Lindsey’s Story

infant loss

Eloise Ann.

The only name my husband, Sam, and I could agree on. The name of our sweet, beautiful baby girl. The name that will forever be on our minds and in our hearts. The name of our angel baby.

My pregnancy with Ellie went smoothly. We were both healthy during the entire pregnancy, minus my nausea and heartburn.

At 38 weeks, my water broke and off to the hospital we went. Sam was in Odessa, so once I got confirmation it was my water that broke, he made the 5 and a half hour haul to Frisco, both of us praying he’d make it in time to see his daughter being born.

Labor was going fine, until it took a turn. Ellie’s heart rate started dropping each time I had a contraction, and I started bleeding heavily.

As soon as I was dilated to a 10, my OB came in and said we couldn’t wait any longer, it was time to push. (I guess my L&D nurse was keeping her in the loop and she decided to come in and deliver on her time off because she wasn’t even the doctor on call. I’m so thankful for her). As my feet were being put into the stirrups, Sam walked in the room. Right on time.

They gave me oxygen to see if that helped with Ellie’s heart rate. (It is so hard to push while trying to keep an oxygen mask on your face). After about 45 minutes of pushing, I heard my husband say, “There’s her head.”

After that, my doctor told one of the nurses to get the NICU team in my room ASAP. Eloise wasn’t breathing. They put her on my chest long enough for Sam to cut the umbilical cord and took her away. I kept asking what was happening, why wasn’t she crying, but my OB was distracting us while they were working on getting Ellie breathing.

After what seemed like hours, but was actually less than one minute, I heard her cry. Finally. Then they took her to the NICU. Sam followed the nurses that took Ellie, and I was alone in the hospital room. I had no idea what was going on with our girl, and I just started bawling.

Later I was told that I had a placental abruption and the cord was wrapped around Ellie’s neck twice. She wasn’t breathing because she had inhaled the amniotic fluid, and the cord being wrapped around her neck was causing her heart rate to drop.

Ellie was put on a CPAP machine to help her with her breathing, but she was only on it for a couple of hours. 5 pounds 2 ounces of pure warrior. She improved so quickly, and 3 days later we were both discharged and got to go home.

Ellie got to meet her big sister once we got home, and Raelynn was so proud to be her big sister.

infant loss


infant loss


The first night home was a sleepless night, Ellie was up ready to eat every 3 hours on the dot. The next morning we had a check up with her pediatrician. He was very pleased and said she looked great.

That night we put her to bed, and once again she was up every 3 hours. After her 1:00am feeding, Sam and I went to sleep once Ellie fell asleep. I woke up at 4:50am, almost an hour after her next feeding. It was strange that she wasn’t up fussing already. I rubbed her cheek to check on her, and she didn’t move like she usually did. I picked her up, and again there was no movement. I turned the light on and woke up Sam, panicking. He took her from me and immediately said, “Call 9-1-1.”

Sam performed CPR while I showed the first responders where to go once they arrived. They started working on her, and then transported her to the hospital. We followed. We sat in a secluded waiting room for 2 hours before a doctor came and said, “I’m so sorry.” I didn’t hear what she said after that. I screamed and started crying hysterically.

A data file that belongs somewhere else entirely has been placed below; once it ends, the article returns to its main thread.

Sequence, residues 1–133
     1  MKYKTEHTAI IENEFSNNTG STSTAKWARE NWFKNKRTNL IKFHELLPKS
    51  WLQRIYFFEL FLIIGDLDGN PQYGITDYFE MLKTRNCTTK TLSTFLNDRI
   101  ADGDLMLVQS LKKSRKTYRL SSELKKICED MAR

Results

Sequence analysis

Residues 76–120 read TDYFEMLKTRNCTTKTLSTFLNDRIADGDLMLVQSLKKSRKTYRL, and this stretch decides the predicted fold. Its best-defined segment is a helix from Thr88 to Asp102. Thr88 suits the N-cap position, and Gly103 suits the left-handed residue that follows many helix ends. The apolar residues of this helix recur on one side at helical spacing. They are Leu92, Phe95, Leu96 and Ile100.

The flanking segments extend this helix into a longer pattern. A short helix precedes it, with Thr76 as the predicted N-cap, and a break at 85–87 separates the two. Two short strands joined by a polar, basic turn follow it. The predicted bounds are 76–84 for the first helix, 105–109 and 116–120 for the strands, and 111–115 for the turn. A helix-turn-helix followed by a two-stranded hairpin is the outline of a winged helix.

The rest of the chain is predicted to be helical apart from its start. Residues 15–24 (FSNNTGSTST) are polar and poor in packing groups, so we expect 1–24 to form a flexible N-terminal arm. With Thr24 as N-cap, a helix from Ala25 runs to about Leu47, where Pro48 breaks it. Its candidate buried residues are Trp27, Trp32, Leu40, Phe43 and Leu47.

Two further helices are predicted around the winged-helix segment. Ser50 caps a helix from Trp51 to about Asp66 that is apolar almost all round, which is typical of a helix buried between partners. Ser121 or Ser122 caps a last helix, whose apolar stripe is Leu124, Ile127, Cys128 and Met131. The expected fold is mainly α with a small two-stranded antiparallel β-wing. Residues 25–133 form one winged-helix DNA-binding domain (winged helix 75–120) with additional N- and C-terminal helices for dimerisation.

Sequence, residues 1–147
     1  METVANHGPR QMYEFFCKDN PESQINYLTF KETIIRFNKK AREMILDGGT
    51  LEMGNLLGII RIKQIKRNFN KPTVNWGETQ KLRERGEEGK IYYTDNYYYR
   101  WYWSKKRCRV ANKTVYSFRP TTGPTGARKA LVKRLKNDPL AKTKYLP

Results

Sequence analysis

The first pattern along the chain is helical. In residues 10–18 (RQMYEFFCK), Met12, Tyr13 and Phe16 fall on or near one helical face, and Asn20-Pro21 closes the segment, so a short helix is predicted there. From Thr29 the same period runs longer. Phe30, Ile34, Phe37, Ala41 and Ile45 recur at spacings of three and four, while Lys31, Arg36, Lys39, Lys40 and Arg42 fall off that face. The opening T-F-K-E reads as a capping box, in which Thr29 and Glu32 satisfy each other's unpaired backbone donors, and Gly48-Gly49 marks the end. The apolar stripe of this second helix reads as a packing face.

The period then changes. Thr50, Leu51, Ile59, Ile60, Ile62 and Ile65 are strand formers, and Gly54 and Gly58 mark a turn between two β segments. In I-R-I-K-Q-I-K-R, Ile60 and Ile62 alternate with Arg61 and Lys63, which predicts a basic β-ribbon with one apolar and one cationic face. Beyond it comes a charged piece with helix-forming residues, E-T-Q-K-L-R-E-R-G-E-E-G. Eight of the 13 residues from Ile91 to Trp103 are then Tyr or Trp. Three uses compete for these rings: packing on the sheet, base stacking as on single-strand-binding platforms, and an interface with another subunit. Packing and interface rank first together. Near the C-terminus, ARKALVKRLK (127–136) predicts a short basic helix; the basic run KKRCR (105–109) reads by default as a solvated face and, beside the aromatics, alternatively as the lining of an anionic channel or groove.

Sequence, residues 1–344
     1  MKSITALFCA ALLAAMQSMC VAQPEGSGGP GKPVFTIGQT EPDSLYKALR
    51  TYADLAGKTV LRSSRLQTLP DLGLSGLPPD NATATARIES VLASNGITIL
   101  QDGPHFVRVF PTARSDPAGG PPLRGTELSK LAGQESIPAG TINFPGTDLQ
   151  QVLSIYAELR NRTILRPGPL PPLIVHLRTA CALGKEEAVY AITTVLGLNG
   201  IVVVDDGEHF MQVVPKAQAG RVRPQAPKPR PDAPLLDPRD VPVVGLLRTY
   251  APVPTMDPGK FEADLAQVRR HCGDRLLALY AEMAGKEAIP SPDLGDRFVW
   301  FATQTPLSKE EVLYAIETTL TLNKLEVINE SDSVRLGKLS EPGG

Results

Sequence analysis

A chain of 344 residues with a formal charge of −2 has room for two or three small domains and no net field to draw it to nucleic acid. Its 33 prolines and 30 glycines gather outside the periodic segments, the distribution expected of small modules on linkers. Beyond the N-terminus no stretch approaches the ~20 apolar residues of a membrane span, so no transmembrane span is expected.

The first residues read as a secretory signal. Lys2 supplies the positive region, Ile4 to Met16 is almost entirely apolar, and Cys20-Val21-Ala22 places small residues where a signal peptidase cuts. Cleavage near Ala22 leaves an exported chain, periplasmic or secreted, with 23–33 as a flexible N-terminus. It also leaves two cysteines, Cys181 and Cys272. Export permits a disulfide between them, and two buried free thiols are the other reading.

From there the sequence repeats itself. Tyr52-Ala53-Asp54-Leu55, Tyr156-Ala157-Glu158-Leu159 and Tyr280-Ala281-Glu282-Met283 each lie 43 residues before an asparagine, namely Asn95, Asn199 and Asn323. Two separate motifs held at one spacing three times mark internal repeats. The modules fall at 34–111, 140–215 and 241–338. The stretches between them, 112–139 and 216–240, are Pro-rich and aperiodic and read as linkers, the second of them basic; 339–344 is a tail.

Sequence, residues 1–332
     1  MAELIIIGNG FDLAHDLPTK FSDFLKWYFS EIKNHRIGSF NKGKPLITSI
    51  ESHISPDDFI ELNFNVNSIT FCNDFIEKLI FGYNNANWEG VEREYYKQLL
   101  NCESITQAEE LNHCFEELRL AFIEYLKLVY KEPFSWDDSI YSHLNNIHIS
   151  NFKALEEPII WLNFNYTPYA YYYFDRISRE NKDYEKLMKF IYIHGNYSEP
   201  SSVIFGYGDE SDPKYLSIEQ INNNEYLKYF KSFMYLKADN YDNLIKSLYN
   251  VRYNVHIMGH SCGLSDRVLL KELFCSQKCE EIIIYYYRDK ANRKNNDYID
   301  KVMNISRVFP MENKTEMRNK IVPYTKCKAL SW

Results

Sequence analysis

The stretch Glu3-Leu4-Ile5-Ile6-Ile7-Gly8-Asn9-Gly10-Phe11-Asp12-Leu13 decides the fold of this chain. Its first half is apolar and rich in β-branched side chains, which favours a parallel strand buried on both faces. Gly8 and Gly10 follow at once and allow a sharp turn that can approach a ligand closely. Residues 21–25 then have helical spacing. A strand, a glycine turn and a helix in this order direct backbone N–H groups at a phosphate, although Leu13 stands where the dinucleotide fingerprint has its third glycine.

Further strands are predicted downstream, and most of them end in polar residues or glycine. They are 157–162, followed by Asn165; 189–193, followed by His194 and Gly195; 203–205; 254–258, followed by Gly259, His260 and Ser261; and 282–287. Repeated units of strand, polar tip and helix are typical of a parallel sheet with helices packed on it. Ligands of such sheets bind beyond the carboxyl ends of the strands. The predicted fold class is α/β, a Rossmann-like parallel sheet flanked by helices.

We asked to see her. The most beautiful girl, in life and in death. We held her until we couldn’t hold her anymore. We left the hospital that morning without our baby girl in our arms, but forever in our hearts.

November 5th, 2018 was one of the best days of our lives welcoming our Elliebean into this world. And 4 days later, November 9th, 2018 was the absolute worst day of our lives when we had to give her back to Jesus in Heaven.

Fast forward to July 2019. Two pink lines. A positive pregnancy test. A flood of emotions. “Am I ready for this?” “Are WE ready for this?” I told Sam and he cried tears of joy. We prayed a lot, and then we prayed some more. But we were ready.

38 weeks later we were back in the same hospital where Ellie was born getting ready to have our first son. After about 5 hours of labor and 15 minutes of pushing, there he was. A perfect, healthy little boy.

Our rainbow baby. Henry Paul.

rainbow baby


I don’t have the answers as to why Ellie was called home so soon, but I do know that our God is a God of comfort. And I find comfort in knowing Ellie is sitting in Heaven with Jesus right now, smiling down on us.

My Savior is strong enough to take my outrage, my anger, my pain, and my heavy load of despair and give me the strength that I need, the strength that my son needs from me.

Having a baby after child loss is a different experience, but we are so blessed with our son. And we know his big sister is keeping a close watch over him, just like she does all of us. I look at Henry and I am constantly reminded of Eloise, but I am also filled with joy and love.

rainbow baby

rainbow baby


If you would like to learn more about Project Finding Your Rainbow, you can read about it here.

Photos by KZ Photography.

4 thoughts on “Lindsey’s Story”

  1. This was heartbreaking. My son’s heartbeat was also scary low, so they rushed me into surgery. Knocked me out, thank god because I was going through terrible back labour. He almost died.
    That your daughter pulled through, thrived, and then died just four days later…. I can’t even. The emotions. The hormones. Too much.
    Thank you for sharing your story. And thank you for living life again through the eyes of ALL your children. Give your little family a squeeze.

  2. Pingback: Project Finding Your Rainbow – Journey for Jasmine

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